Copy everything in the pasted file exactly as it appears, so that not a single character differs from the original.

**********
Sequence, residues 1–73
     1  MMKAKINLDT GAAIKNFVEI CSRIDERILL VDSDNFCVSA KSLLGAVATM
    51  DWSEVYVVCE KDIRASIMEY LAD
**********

Sequence, residues 1–73
     1  MMKAKINLDT GAAIKNFVEI CSRIDERILL VDSDNFCVSA KSLLGAVATM
    51  DWSEVYVVCE KDIRASIMEY LAD